A University of Auckland research study shows that New Zealand men are being diagnosed with prostate cancer later in life at a higher prostate-specific antigen (PSA) level and higher disease grade compared to men in the United States.
The study was conducted by Dr Nishi Karunasinghe and colleagues at the Auckland Cancer Society Research Centre at the University’s Faculty of Medical and Health Sciences compared prostate cancer data from New Zealand and US.
Dr Karunasinghe says that several factors could be behind the discrepancy, including lower levels of PSA screening, delayed referral to specialist care and lower subsequent biopsies on those with elevated PSA levels, all of which warrant attention from the New Zealand health authorities.FMHS 20180702 Prostate cancer release (AK and NK)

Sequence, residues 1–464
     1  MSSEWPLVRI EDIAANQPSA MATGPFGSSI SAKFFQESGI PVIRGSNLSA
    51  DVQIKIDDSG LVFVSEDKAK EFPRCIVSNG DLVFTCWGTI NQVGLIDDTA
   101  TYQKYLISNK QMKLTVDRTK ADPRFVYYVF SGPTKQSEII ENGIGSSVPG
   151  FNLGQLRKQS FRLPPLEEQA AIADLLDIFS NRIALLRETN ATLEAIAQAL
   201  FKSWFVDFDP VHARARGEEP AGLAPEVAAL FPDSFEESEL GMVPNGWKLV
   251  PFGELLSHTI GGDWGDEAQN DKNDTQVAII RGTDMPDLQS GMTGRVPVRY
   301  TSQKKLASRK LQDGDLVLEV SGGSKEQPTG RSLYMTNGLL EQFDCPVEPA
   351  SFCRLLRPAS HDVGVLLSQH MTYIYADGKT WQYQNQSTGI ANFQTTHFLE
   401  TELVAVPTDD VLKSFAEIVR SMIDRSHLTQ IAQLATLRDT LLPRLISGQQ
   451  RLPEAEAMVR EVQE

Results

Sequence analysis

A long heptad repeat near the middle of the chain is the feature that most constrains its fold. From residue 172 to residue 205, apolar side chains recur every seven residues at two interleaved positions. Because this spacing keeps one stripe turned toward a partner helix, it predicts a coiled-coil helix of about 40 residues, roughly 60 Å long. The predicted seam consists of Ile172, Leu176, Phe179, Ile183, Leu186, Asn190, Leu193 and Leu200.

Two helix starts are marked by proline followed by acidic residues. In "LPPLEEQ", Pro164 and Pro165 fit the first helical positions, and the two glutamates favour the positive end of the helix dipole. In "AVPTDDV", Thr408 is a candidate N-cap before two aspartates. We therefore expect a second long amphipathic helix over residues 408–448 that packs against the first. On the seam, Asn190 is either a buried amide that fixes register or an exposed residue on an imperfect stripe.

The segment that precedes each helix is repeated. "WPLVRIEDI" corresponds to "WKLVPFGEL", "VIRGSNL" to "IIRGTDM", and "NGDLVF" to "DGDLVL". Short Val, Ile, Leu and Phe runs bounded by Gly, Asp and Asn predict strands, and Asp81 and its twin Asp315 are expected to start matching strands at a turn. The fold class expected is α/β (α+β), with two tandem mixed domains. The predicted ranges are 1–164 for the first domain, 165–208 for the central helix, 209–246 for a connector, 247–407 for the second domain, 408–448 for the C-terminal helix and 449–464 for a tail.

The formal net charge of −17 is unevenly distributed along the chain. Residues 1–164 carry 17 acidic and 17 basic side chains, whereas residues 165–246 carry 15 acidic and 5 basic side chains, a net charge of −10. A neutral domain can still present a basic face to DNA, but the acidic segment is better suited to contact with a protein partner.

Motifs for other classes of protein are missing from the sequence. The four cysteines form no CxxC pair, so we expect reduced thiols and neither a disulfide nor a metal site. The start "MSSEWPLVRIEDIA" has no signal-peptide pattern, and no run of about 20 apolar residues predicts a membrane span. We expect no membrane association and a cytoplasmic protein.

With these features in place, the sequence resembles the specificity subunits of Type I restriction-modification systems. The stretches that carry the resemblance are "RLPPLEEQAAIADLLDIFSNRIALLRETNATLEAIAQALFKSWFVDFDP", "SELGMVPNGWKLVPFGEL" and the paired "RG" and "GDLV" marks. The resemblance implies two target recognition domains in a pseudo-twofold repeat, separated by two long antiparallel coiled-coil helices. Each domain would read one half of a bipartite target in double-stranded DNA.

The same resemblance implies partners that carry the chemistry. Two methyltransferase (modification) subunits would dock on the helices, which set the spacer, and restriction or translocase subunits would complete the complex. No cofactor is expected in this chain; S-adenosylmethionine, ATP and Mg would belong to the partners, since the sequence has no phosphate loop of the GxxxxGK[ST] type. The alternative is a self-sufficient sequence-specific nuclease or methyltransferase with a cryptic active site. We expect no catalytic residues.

Reference: Karunasinghe N, Ambs S, Wang A, Tang W, Zhu S, Dorsey TH, et al. (2018) Influence of lifestyle and genetic variants in the aldo-keto reductase 1C3 rs12529 polymorphism in high-risk prostate cancer detection variability assessed between US and New Zealand cohorts. PLoS ONE 13(6): e0199122. https://doi.org/10.1371/journal.pone.0199122